Authored By Kara Zupkus
June 05, 2020
The New York Times apologized yesterday for publishing an op-ed by U.S. Senator Tom Cotton after complaints from NYT staff that the article “endangered” black staff.
A “review made clear that a rushed editorial process led to the publication of an Op-Ed that did not meet our standards,” a NYT spokesperson said in a statement. “As a result, we’re planning to examine both short term and long-term changes, to include expanding our fact checking operation and reducing the number of Op-Eds we publish.”
Words are not violence. The NYT has published op-eds from a Taliban leader, Russian leader Vladimir Putin, and Nicolas Maduro without hesitation. The fact that one of the nation’s leading publications would cave to pressure, and offer a “mea culpa” of sorts for encouraging robust debate by publishing an article by a U.S. senator speaks volumes to the decay of journalism.
And sadly, it’s being accelerated by the coddling of students and anti-free speech culture that is bred on college campuses across the nation.
For years, administrators have told students that they can block out speech they disagree with, under the guise of it being dangerous or threatening. They have offered “safe spaces” as alternatives for conservative speaker events on campus, and even gone so far as to block conservatives from speaking. By giving credibility to intolerant campus leftists, colleges have reassured students that it’s okay to demand the silence of opposing viewpoints. These leftists are now graduating, and becoming key players in Congress, journalism, education, and other powerful institutions across America.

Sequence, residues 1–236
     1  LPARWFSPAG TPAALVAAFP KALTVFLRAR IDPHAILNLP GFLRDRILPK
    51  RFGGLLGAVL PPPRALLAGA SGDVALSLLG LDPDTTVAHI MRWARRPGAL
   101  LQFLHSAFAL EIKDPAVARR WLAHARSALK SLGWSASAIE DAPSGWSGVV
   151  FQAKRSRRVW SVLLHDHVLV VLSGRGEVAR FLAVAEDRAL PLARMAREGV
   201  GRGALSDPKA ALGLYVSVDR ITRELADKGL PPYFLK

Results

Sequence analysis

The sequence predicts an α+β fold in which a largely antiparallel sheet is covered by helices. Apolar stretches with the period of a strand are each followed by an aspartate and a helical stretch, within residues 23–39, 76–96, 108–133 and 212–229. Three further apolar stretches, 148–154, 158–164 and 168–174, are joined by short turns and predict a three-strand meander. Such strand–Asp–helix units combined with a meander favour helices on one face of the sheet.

I witnessed this intolerance during my own college experience, when GWU leftists threatened my YAF chapter for daring to bring a conservative perspective to campus through a Ben Shapiro lecture. We were threatened, with posters being hung around campus the day of the event stating “Hey YAF, get security” with an “X” through Shapiro’s face. This, coupled with other incidents of vandalism, threats, and suppression of our free speech were met with no action by university administration officials–creating an atmosphere on campus that treated conservative students as a different class and encouraged reckless behavior of tyrannical leftists.
The best way to counter speech you disagree with is to respond with more speech, not shut down other’s viewpoints.
I've been mocked by many people over the past few years for writing about the campus culture wars. They told me it was a sideshow. But this was always why it mattered: The people who graduated from those campuses would rise to power inside key institutions and transform them.
— Bari Weiss (@bariweiss) June 4, 2020
America should expect an increasing number of attempts to stifle debate and discussion as these campus leftists graduate and take positions of power. We must be prepared to fight back, and protect the First Amendment against these attacks.